It’s heaven’s greatest charm,

To have a dear one on one’s arm.

Margaret That’s not the custom of the country.

Mephistopheles Custom or not! It seems to be. 2950

Martha Go on with your tale!

Mephistopheles I stood beside his death-bed,

Hardly better than a rubbish-tip, poor man,

Of half-rotten straw: yet he died a Christian,

And found that he was even further in debt.

‘Alas,’ he cried, ‘I hate myself, with good reason, 2955

For leaving, as I did, my wife and my occupation!

Ah the memory of that is killing me,

Would in this life I might be forgiven, though!’

Martha (Weeping.)

The dear man! I forgave him long ago.

Mephistopheles ‘Although, God knows, she was more to blame than me.’ 2960

Martha The liar! What! At death’s door, lies he was telling!

Mephistopheles In his last wanderings, he was rambling,

If I’m any judge myself of the thing.

‘I had,’ he said, ‘no time to gaze in play:

First children, then bread for them each day, 2965

And I mean bread in the wider sense:

And couldn’t even eat my share in silence.’

Martha Did he forget the love, the loyalty,

My drudgery, night and day!

Mephistopheles Not at all, he thought of it deeply, in his way. 2970

He said: ‘As I was leaving Malta

I prayed hard for my wife and children:

And favour came to me from heaven,

Since our ship took a Turkish cutter,

Carrying the great Sultan’s treasure. 2975

There was a reward for bravery,

And I received, in due measure,

The generous share that fell to me.’

Martha What? And where? Has he buried it by chance?

Mephistopheles Who can tell: the four winds know the circumstance. 2980

A lovely girl there took him on,

As he, a stranger, roamed round Naples:

She gave him loyalty, and loved the man,

And he felt it so, till his last hour fell.

Martha He stole from his children, and his wife! 2985

The rogue! All the pain and misery he met,

Couldn’t keep him from that shameful life!

Mephistopheles Ah, but: now he’s died of it!

If I were truly in your place,

I’d mourn him quietly for a year, 2990

And look, meanwhile, for a dear new face.

Martha Ah, sweet God! I’ll not easily find another,

In all the world, such as my first one was!

There never was a dearer fool than mine.

Only he loved roaming too much, at last, 2995

And foreign women, and foreign wine,

And the rolling of those cursed dice.

Mephistopheles Well, that would have still been fine,

If, with you, he’d followed that line,

And noticed nothing, on your side. 3000

I swear that, with that same condition,

I’d swap rings with you, no question!

Martha O, the gentleman’s pleased to jest!

Mephistopheles (To himself.)

I must fly from here, swift as a bird!

She might hold the Devil to his word. 3005

(To Gretchen.)

How does your heart feel? At rest?

Margaret What does the gentleman mean?

Mephistopheles (To himself.)

Sweet, innocent child!


Farewell, ladies!

Margaret Farewell!

Martha Oh, speak to me yet, a while!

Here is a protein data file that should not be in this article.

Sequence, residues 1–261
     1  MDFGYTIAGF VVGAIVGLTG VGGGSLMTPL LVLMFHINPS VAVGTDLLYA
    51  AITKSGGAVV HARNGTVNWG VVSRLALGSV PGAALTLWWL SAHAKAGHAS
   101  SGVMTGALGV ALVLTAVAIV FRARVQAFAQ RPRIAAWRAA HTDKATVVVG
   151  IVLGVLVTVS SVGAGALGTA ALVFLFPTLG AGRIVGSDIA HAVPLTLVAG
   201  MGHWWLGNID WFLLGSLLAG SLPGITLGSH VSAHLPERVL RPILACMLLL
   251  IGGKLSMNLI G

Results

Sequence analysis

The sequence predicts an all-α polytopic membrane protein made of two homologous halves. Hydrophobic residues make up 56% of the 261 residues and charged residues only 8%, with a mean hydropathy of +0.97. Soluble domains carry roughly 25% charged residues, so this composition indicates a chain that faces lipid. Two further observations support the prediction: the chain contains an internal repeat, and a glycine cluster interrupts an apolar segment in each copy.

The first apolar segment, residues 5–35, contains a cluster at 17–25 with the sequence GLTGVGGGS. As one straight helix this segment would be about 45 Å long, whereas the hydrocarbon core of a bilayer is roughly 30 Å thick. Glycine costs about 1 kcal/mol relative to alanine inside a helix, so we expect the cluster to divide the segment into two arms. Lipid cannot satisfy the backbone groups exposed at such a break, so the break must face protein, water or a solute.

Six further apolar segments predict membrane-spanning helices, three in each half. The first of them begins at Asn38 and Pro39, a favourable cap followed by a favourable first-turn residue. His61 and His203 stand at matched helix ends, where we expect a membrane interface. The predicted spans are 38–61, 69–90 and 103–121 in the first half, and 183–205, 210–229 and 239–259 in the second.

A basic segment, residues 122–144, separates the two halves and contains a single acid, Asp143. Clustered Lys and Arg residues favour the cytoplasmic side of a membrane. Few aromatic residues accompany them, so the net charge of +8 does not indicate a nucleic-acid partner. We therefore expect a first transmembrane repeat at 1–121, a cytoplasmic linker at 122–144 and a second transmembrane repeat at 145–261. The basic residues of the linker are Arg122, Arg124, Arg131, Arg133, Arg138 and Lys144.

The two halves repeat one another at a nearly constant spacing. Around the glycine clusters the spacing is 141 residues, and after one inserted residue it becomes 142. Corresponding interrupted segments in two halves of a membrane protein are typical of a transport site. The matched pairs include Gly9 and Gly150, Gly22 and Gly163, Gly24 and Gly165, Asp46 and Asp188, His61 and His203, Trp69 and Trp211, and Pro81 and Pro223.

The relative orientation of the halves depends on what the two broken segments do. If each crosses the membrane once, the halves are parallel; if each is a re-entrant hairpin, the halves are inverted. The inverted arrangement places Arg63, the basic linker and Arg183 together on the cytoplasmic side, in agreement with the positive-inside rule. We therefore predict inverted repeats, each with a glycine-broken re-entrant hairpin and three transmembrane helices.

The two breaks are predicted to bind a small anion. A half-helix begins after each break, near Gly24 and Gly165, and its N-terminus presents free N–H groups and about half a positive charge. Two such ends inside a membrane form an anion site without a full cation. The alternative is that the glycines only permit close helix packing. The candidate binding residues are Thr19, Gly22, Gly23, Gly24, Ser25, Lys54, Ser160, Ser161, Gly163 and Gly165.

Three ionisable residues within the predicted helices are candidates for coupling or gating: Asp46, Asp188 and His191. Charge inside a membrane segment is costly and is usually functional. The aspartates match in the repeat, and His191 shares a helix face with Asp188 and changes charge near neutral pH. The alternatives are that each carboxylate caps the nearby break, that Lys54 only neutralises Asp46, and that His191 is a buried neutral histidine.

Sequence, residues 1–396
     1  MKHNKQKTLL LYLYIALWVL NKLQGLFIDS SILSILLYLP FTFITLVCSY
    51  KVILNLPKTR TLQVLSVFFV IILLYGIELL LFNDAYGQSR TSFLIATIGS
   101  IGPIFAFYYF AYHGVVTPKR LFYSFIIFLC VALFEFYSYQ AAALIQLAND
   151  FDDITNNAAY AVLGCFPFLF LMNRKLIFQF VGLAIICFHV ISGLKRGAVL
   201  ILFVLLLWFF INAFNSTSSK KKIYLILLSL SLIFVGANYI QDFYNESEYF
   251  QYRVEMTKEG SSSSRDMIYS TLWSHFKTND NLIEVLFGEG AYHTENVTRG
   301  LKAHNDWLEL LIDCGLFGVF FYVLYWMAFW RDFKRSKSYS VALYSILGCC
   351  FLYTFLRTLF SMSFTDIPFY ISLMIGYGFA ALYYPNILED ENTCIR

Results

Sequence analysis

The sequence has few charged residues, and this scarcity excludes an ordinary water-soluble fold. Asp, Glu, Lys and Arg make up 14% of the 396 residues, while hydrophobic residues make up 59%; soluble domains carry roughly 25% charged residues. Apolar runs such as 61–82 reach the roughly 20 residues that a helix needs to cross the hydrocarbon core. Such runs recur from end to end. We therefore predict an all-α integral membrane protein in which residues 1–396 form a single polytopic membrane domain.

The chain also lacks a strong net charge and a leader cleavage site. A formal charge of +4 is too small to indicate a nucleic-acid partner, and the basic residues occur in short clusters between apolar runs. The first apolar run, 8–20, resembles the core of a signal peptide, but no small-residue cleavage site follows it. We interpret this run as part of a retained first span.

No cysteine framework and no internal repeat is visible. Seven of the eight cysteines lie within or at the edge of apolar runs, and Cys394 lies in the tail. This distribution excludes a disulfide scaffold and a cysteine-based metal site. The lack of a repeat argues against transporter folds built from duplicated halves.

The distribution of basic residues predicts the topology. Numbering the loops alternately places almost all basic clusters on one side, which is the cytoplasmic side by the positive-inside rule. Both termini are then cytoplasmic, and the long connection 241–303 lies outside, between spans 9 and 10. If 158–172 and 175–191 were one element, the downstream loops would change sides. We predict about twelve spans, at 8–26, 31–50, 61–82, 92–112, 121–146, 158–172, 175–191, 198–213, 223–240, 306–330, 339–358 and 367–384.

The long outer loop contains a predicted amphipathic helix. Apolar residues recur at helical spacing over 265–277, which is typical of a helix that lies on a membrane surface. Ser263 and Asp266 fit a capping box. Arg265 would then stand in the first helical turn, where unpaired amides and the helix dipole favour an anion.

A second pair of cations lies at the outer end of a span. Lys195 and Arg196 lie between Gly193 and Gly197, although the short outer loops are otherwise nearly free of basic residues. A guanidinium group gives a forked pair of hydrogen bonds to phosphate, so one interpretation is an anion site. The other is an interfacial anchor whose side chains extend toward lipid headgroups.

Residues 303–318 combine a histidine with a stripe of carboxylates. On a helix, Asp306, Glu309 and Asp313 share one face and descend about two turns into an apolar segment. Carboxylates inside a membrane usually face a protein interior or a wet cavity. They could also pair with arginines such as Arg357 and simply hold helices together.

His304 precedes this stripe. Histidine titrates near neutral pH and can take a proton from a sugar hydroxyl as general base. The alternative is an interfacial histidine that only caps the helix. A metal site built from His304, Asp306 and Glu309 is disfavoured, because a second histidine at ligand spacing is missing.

I’d like a witness, as to where, how, and when

My darling man died and was buried: then, 3010

As I’ve always been a friend of tradition,

Put his death in the paper, a weekly edition.

Mephistopheles Yes, dear lady, two witnesses you need

To verify the truth, or so all agree:

I’ve a rather fine companion, 3015

He can be your second man.

I’ll bring him here.

Martha Oh yes, please do!

Mephistopheles That young lady will be here, too?

He’s a brave youth! Travelled, yes,

And with ladies he’s all politeness. 3020

Margaret I’d be shamed before the gentleman.

Mephistopheles Not before any king on earth, madam.

Martha Behind the house, then, in my garden,

Tonight: we’ll expect you gentlemen.

Scene XI: The Street

(Faust. Mephistopheles.)

Faust How goes it? Will it be? Will it soon be done? 3025

Mephistopheles Ah, bravo! Do I find you all on fire?

In double-quick time you’ll have your desire.

You’ll meet tonight, at her neighbour Martha’s home:

There’s a woman, who’s the thing,

For procuring and for gipsying! 3030

Faust All right!

Mephistopheles But, she needs something from us, too.

Faust One good turn deserves another, true.

Mephistopheles We only have to bear a valid witness,

That her husband’s outstretched members bless

A consecrated place in Padua. 3035

Faust Brilliant! We must first make the journey there!

Mephistopheles Sacred Simplicity! There’s no need to do that.

Just testify, without saying too much to her.

Faust If you can’t do better than that, your pact I’ll tear.

Mephistopheles O holy man! Now I see you there! 3040

Is it the first time in your life, come swear,

That you’ve ever born false witness?

Haven’t you shown skill in definition

Of God, the World, what’s in it, Men,

What moves them, in mind and breast? 3045

With impudent brow, and swollen chest?

And if you look at it more deeply, oh yes,

Did you know as much now - confess,

As you do about Herr Schwerdtlein’s death?

Faust You are, and you’ll remain, a Liar and a Sophist. 3050

Mephistopheles Yes when no one’s the wiser for it.

The coming morn, in all honour though,

Won’t you beguile poor Gretchen so:

And swear you love her with all your soul?

Faust From my heart.